A victim of poverty, and a victim of bullying due to “disinformation.” This is the latest sad twist in the case of Leonardo “Lolo Narding” Flores, who went viral after he was arrested for stealing three sacks of mangoes from a property in Asingan town in Pangasinan.
Partido Reporma Chairman and standard-bearer Sen. Panfilo “Ping” M. Lacson bared Thursday that there is a second victim in the case – Robert Hong, the caretaker of the lot from where the mangoes were taken.
Hong – who lodged a complaint against Flores for stealing three sacks of mangoes in April last year – is now in hiding after the story of Flores became viral, as he is now being bullied by bloggers and netizens, noted Lacson, who initiated his own investigation in Asingan town on Thursday.
“Before offering any assistance to resolve Lolo Narding’s problem, I would like to know the facts first,” Lacson said.
“Both Lolo Narding and Robert are victims. Lolo Narding can be considered a victim of poverty, while Robert, the new caretaker and complainant representing the owner of the lot, is a truck driver who now cannot go to work because of the bad publicity generated by the story of Lolo Narding’s plight. Thus he is also a victim – in this case, of bullying stemming from unintended inaccurate information,” Lacson said, citing initial information reaching him.
Lacson said his investigation showed Hong, as caretaker of the property, filed a complaint against Flores for stealing three sacks of mangoes before selling them in the local talipapa (market) in April 2021.
“Robert’s family says he is willing to settle but requests that the apparent disinformation be rectified. Meanwhile, Lolo Narding couldn’t settle with the property owner through the caretaker because he already spent the proceeds in the amount of P7,000,” he said, even as he noted the Public Information Office of Asingan town has apologized to Hong for the bashing he has suffered online.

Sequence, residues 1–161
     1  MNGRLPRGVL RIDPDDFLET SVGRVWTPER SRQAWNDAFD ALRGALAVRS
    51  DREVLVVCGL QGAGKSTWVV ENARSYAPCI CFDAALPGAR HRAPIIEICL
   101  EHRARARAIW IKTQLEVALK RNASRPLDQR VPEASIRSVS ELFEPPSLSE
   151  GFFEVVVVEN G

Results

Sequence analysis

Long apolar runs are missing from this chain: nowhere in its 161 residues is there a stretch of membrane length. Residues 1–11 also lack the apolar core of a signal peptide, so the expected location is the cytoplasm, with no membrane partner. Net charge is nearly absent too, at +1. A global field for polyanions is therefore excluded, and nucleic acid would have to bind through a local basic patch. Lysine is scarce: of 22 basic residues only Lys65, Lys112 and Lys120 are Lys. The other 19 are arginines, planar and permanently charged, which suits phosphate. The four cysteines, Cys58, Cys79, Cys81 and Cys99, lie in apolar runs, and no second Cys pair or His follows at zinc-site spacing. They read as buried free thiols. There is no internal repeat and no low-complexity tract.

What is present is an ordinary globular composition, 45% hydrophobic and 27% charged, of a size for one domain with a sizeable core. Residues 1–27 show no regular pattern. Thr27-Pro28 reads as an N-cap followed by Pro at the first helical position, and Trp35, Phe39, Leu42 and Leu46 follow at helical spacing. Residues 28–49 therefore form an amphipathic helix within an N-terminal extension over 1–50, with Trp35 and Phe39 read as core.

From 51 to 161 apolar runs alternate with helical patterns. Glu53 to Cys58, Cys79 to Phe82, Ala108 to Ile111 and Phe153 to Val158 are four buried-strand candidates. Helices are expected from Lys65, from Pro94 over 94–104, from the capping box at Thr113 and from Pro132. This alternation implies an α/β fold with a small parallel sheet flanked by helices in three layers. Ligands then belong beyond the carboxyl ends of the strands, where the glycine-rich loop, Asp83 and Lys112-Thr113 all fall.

“This should also be an eye-opener for us. On social media, things may not always be what they seem at first glance,” Lacson added.
On the other hand, Lacson lamented that Lolo Narding’s case was a microcosm of Philippine society where the poor who steal out of necessity are arrested quickly while the wealthy and corrupt remain scot-free. “May nagnanakaw out of necessity. Ako naniniwala na kung ganoon ang reason, they deserve a second chance. Ang nakakagalit ng loob, ang nagnakaw ng malaking halaga sa pera ng gobyerno (There are those who steal out of poverty and necessity and I believe they deserve a second chance. But what makes my blood boil are those who steal huge amounts of money, and from public funds to boot),” he said in an interview on Bombo Radyo Philippines Thursday morning.
Lacson said the first step to correct this is to clean the bureaucracy of corruption so the criminal justice system may be implemented fairly and properly. But this must be accompanied by a change in mindset on the part of the people – to demand accountability from public servants.